Giant Hogweed is an invasive plant harmful to people, and there are five patches of it in Dysart et al.
Dr. Adam Gorgolewski, the research coordinator at Haliburton Forest and Wild Life Reserve Ltd. (HFWLR), told town council during its regular meeting Nov. 22 that some of the plants on Fishtail Lake Road have reached as high as 15 feet tall. They can grow as high as 20 feet.
The patches are growing quickly and primarily exist on land owned by the Dysart et al. To a lesser extent, it is on land owned by HFWLR and a privately-owned cottage property.
Patches of Giant Hogweed have been found along Fishtail Lake Road and an adjacent snowmobile trail. There are smaller patches in the range of 10-50 plants, two medium-sized patches of 50-100 plants, and two larger patches that each contain well over 1,000 plants each.
Gorgolewski presented town council a proposal for a co-operative plan and cost-sharing agreement to eradicate the Giant Hogweed, whereby the reserve would pay $5,000 of eradication costs, the private landowner would contribute $200, and the municipality would pay the remainder estimated to be as much as $49,800.
Gorgolewski wrote in a report to council that it is in the best interest of all parties to eradicate the patches of Giant Hogweed.
“If we each act individually, our efforts may not be in sync and may not be as efficient,” he wrote. “Therefore, we propose to move forward with a cooperative treatment plan.”
HFWR would also conduct monitoring and manual removal of additional plants after the initial eradication effort has concluded, at its own expense.
Gorgolewski said eradicating the patches of Giant Hogweed will require a multi-year approach.
The benefit of this kind of situation is the herbicide wouldn’t have to be sprayed across the whole affected area.
“They would be targeting the specific hogweed plants,” he said. “It wouldn’t come into contact with any plants other than the Giant Hogweed.”
Gorgolewski said spraying would need to be carried out in late spring. It’ll require three to five years of herbicide applications. The areas will have to be monitored for some time afterwards to ensure no subsequent plants sprout, he said.
“If they did, we could remove those manually rather than using a herbicide,” Gorgolewski said. “But, with this amount of plants, the only real way of tackling it is to use a herbicide.”
Giant Hogweed is a perennial plant that has been present in Ontario since 1949. It was most likely introduced from ornamental gardens, and now occurs in isolated patches throughout south and central Ontario.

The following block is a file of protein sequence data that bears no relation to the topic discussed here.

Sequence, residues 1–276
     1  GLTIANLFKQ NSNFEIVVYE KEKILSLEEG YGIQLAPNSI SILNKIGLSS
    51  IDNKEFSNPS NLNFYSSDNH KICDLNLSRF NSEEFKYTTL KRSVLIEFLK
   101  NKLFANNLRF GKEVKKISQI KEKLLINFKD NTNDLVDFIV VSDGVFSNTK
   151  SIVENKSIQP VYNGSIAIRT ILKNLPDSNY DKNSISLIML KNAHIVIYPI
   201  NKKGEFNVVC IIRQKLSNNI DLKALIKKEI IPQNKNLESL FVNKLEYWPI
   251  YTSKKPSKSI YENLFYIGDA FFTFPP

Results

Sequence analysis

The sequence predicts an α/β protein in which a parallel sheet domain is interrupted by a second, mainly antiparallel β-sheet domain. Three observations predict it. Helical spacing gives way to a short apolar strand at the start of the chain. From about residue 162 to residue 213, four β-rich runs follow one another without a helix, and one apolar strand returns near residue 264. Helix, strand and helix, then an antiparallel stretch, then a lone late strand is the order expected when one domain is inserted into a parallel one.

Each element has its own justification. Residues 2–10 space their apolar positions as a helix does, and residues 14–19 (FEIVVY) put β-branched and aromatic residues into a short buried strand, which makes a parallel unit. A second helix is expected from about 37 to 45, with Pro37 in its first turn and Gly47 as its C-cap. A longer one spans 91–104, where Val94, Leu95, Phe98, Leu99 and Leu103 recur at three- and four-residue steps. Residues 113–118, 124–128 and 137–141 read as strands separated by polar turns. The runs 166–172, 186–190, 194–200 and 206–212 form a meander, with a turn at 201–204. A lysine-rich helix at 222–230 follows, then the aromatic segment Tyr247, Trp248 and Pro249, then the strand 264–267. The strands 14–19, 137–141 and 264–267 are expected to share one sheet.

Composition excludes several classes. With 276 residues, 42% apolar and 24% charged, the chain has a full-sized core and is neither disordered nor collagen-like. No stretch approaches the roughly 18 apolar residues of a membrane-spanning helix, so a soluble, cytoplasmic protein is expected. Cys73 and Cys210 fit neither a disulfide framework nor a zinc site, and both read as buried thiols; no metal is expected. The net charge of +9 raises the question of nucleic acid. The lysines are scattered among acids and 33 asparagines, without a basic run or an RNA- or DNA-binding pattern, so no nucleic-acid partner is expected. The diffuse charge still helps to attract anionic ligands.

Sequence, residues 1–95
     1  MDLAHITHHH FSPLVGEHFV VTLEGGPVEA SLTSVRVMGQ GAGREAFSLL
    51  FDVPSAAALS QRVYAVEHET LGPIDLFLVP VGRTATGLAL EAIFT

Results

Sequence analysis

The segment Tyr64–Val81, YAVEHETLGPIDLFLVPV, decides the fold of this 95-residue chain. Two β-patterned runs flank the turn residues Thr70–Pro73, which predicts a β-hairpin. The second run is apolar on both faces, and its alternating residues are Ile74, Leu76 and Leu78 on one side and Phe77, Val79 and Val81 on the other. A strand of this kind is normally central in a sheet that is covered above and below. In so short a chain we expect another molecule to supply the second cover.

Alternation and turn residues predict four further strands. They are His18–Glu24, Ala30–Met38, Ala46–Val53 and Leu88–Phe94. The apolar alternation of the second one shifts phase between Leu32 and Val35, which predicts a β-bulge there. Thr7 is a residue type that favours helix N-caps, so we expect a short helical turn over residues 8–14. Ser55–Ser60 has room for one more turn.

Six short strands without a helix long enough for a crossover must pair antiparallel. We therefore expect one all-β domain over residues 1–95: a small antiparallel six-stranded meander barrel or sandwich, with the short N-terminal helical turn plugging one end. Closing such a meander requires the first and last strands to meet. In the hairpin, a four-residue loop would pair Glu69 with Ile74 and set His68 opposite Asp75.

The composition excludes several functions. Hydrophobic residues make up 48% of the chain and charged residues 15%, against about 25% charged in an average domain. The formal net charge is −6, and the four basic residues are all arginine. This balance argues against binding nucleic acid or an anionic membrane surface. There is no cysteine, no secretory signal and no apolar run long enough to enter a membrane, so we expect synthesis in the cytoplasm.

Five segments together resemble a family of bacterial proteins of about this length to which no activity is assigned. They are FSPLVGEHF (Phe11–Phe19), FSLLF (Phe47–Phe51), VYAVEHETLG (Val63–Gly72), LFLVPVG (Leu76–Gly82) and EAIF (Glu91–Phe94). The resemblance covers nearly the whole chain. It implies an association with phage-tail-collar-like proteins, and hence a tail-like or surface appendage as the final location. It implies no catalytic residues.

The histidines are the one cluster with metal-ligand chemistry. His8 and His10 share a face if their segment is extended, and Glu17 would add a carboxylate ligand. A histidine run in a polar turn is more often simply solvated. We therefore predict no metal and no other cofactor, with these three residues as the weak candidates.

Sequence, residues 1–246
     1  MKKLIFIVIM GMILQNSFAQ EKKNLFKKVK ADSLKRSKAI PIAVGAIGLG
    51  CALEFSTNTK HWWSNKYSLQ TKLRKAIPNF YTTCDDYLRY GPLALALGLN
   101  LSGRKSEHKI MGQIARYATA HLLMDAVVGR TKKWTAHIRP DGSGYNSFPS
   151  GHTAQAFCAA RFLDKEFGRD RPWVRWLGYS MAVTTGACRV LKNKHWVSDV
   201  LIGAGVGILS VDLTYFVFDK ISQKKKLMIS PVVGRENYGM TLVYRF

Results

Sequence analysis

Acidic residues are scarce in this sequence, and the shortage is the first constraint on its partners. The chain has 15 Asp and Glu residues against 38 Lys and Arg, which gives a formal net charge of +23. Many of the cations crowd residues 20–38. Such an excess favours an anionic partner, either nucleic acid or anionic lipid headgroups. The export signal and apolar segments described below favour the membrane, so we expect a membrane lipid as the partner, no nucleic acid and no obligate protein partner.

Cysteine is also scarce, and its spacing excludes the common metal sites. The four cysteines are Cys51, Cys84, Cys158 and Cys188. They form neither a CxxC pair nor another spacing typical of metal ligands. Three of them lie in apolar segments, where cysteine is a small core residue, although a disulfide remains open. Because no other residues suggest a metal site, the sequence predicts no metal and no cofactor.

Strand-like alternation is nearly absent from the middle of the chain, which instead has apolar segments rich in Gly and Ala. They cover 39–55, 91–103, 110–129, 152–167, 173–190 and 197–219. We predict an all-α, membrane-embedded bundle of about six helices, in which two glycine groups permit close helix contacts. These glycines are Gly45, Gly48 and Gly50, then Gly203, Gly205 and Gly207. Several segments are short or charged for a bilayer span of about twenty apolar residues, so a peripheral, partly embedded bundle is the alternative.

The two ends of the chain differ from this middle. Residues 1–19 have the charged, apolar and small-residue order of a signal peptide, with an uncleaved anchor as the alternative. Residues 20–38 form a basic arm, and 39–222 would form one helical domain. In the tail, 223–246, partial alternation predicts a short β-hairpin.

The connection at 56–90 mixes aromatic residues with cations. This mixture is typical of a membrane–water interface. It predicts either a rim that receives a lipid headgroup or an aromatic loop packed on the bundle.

The plants produce seeds three years after germinating, and each plant produces an average of 10,000 seeds per year. Seeds are spread via wind and water. Humans can also move seeds unintentionally on vehicles or when soil or mulch is transported.
Seeds usually sprout the following year, but can remain dormant in soil for up to three years. Giant Hogweed is able to establish in low-nutrient soils, but also requires direct sunlight to thrive.
These factors cause Giant Hogweed to readily establish along the sides of roads and trails. Once established, it tends to crowd-out native plants and reduce biodiversity.
Dysart Mayor Murray Fearrey said the weed isn’t new to Ontario or Haliburton County.
“If you touch this plant, are you infected then or not?” the mayor said.
Gorgolewski said that’s the case. The stem and leaves have little irritable hairs on them. Inside those hairs is a sap that transfers to people and animals.
“If sunlight hits that sap, then the burns will occur,” Gorgolewski said.
Fearrey said the hogweed was tackled on Fishtail Lake Road from 2017 to 2019. A troublesome aspect of that work then was they could only treat the road allowances but couldn’t access nearby private property.
Gorgolewski said he’s spoken to landowners that have the hogweed and they’re in favour of removing the troublesome plants.
He said the plants, after cutting, would be tied up in garbage bags and left in the sun for a number of days. The time basically cooking in the sun inside the bags kills the Giant Hogweeds.
“You can leave them on-site,” Gorgolewski said.
Fearrey said council should research the issue more and then defer the debate until they get to work setting spending priorities for the 2023 municipal budget.
“I’m not saying they’re not there, because they are,” Fearrey said. “And somebody has to deal with them. We just need to figure out the best way and who pays what?”
By James Matthews, Local Journalism Initiative Reporter
Original Published on Nov 30, 2022